Church of England Diocese of St.Albans St. Peter Bushey Heath

Second Sunday after Trinity

And the lord said unto the servant, Go out into the highways and hedges, and compel them to come in, that my house may be filled. (Luke 14: 23)

When I was at school stories about explorers were still in vogue. We listened excitedly to tales of polar explorers who braved the elements to reach their goal and to the stories of those who beat their way through dense jungles and traversed barren plains to reach the source of a river. When the explorers arrived they invariably pitched the flag of their nation – those being the days of empire.

For a different reason that thought came back to me when I was at the shrine in Walsingham last week. Almost a thousand years ago God chose that place when the Blessed Virgin Mary appeared to the Lady Richeldis and commanded her to build the Holy House modelled on her own dwelling in Nazareth, to remind people of the wonder of the Annunciation and to provide a place of pilgrimage and spiritual refreshment. Why there? From a human point of view it is not easy to see. Perhaps because it was a remote location which would test the mettle of the pilgrim and offer a retreat from the stresses of daily life.

God has done this before. He chose the hill of Zion, over against Salem which was to become Jerusalem and there he commanded that a temple be built.

For the Lord hath chosen Sion to be an habitation for himself : he hath longed for her. (Psalm 132: 14)

He refused the tabernacle of Joseph : and chose not the tribe of Ephraim;

But chose the tribe of Judah : even the hill of Sion which he loved. (Psalm 78: 68-69)

Why there? Perhaps because the location would be perfect for the setting of the gospels and the establishment of the Kingdom – or perhaps for a completely different reason.

Whatever the reasons these places were chosen and have made their mark in the story of faith. In such places God raises his flag. But there are many more, not all of them so highly exalted. Cathedrals and parish churches are numbered amongst them. God’s flag is raised here at St. Peter’s because this is the house of the Lord and here he is pleased to dwell. Within these walls and amongst those who worship here God may be found in all the richness of theophany and revelation.

The flag should also be raised in a Christian home. I was reminded during the week of the role which Priscilla and Aquila played in the life of the early church, supporting the ministry of St. Paul with whom they were partners in the gospel (and fellow tent-makers) and in teaching the riches of an orthodox faith to Apollos who had not yet heard Christian teaching in its entirety. Wherever they went, whether that was Rome or Corinth, they raised the flag for the Lord. And we should note too that it was in homes like those of Pricilla and Aquila that the Christian family often met, there being as yet no buildings dedicated to the task like this one. And during times of trial and persecution that would not have been an easy option, but the flag was raised nonetheless.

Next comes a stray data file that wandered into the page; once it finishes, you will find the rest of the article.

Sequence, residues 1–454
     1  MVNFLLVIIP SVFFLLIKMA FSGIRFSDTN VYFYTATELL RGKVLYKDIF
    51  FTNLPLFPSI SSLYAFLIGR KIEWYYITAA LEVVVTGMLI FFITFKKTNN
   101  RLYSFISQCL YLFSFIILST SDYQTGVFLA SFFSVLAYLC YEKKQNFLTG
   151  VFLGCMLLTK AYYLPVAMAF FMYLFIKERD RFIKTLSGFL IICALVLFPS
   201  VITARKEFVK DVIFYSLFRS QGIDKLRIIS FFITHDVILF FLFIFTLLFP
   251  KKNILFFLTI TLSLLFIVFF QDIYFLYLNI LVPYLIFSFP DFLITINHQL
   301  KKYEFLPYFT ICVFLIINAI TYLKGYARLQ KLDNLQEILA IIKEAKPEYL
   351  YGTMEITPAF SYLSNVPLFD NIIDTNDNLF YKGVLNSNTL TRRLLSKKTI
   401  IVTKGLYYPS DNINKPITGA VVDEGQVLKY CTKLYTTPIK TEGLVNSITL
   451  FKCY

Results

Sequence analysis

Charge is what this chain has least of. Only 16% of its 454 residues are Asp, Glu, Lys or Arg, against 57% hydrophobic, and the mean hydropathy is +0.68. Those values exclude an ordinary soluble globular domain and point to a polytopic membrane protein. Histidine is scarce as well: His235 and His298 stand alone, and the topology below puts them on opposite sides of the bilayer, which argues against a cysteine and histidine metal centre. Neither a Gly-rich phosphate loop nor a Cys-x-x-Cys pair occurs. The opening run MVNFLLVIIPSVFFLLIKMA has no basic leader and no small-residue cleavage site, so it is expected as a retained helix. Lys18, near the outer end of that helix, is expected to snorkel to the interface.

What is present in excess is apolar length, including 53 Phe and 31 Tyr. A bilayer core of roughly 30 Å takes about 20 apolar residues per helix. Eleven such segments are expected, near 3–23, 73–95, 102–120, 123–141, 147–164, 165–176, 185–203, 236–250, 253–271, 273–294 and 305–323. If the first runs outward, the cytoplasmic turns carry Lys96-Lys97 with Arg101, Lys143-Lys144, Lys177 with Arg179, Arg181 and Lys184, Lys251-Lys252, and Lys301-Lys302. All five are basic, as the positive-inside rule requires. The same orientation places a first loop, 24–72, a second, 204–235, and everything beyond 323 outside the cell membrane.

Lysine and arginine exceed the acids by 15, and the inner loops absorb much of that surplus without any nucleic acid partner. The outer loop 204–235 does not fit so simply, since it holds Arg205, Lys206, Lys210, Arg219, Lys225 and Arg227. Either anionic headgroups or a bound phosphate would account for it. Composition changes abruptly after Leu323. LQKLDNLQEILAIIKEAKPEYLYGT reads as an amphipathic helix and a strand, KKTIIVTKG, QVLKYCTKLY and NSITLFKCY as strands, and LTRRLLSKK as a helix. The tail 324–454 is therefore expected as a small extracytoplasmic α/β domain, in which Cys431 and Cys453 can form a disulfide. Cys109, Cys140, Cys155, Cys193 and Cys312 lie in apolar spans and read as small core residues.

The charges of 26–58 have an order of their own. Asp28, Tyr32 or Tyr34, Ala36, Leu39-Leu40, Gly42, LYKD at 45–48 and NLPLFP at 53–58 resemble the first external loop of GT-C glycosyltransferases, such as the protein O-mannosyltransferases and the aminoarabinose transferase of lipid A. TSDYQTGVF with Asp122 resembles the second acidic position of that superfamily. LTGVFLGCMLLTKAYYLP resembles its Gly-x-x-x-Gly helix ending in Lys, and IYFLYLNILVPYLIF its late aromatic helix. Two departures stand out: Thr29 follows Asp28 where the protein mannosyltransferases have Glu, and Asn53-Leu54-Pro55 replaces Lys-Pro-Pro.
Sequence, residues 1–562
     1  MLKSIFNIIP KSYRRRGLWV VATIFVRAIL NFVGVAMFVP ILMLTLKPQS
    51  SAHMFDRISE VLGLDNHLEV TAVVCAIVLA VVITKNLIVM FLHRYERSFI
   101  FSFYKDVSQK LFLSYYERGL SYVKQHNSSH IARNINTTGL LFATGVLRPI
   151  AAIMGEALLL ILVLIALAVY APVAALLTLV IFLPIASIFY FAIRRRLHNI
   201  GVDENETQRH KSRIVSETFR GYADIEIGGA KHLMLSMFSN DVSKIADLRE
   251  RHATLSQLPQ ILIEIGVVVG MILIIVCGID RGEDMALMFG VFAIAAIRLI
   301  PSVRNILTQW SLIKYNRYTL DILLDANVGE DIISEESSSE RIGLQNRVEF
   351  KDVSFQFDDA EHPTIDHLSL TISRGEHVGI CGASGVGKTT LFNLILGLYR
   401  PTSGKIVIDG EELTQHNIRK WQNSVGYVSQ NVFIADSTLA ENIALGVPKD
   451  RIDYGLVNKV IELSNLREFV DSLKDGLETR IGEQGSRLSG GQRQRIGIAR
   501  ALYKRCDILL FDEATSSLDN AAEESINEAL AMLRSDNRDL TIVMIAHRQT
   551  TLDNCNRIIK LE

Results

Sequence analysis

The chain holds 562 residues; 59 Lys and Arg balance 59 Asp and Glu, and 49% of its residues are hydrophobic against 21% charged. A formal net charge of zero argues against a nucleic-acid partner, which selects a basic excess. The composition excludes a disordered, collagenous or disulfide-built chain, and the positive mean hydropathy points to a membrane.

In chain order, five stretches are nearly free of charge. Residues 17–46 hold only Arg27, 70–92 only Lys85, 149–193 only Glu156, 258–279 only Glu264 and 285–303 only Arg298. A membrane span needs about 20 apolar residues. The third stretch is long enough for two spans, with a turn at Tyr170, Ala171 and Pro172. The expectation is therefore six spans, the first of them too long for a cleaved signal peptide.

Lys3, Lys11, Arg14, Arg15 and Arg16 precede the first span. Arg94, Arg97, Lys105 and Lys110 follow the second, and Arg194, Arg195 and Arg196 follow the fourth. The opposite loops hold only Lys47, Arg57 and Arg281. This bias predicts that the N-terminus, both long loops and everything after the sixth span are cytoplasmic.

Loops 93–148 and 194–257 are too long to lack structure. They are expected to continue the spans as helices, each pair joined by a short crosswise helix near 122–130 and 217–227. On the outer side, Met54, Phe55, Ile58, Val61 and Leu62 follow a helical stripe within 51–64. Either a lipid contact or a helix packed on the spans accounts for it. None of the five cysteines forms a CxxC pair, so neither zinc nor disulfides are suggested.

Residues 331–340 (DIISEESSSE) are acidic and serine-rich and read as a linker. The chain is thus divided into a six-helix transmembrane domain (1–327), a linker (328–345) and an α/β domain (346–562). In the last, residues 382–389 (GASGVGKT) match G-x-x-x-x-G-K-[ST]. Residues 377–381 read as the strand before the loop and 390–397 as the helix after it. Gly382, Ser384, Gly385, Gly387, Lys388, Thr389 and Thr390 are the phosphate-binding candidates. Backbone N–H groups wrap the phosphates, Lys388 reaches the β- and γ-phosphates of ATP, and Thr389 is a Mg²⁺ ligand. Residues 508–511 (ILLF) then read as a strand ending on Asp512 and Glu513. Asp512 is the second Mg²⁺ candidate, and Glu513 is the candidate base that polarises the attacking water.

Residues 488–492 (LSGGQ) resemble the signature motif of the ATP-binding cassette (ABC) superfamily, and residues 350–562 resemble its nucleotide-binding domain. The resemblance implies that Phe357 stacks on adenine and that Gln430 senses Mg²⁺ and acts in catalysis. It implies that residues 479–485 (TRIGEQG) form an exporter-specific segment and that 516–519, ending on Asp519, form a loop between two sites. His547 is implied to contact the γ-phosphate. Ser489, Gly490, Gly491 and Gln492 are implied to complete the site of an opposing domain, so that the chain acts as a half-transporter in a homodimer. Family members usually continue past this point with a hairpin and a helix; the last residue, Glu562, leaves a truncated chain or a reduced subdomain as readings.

Our places of worship make a bold statement about the importance of faith and the centrality of worship in the lives of believers. Parish churches, at their best, are places where God is encountered; places to retreat to and find peace and a renewed strength; places to work from in the service of the gospel because we don’t live here. We come alive here and then go out in God’s service – to raise the flag in other places.

Go out into the highways and hedges. This is a parable of the Kingdom. At one level it is all about the invitation which God extends. People are invited to a banquet – and it is the banquet of the Kingdom. Refer back to that oft quoted passage in Isaiah.

And in this mountain shall the Lord of hosts make unto all people a feast of fat things, a feast of wines on the lees, of fat things full of marrow, of wines on the lees well refined. (Isaiah 25: 6)

This is the most generous of all banquets, inclusive of all those who seek the Lord. Its Christian interpretation is found in the Book of Revelation at the wedding feast of the Lamb.

At the end of St. Matthew’s gospel Jesus charges his disciples with the task of proclaiming the Kingdom. The longer ending of St. Mark’s account does the same.

And he said unto them, Go ye into all the world, and preach the gospel to every creature. (Mark 16: 15)

This imperative operates on every level because it applies to all the baptised in each and every age, to all Christians equally, varied according to his or her calling. Through the ministry of the Church God places his hand where he wills from Jerusalem, to Little Walsingham to Bushey Heath. In all of these places the Lord’s flag is raised. It is the flag of an eternal empire because it is the flag of the Lamb who was slain. Wherever the flag flies there is a sign of the redemption which he has won for his people. It is a story worth telling.

Father Andrew Burton SSC

13th  June 2021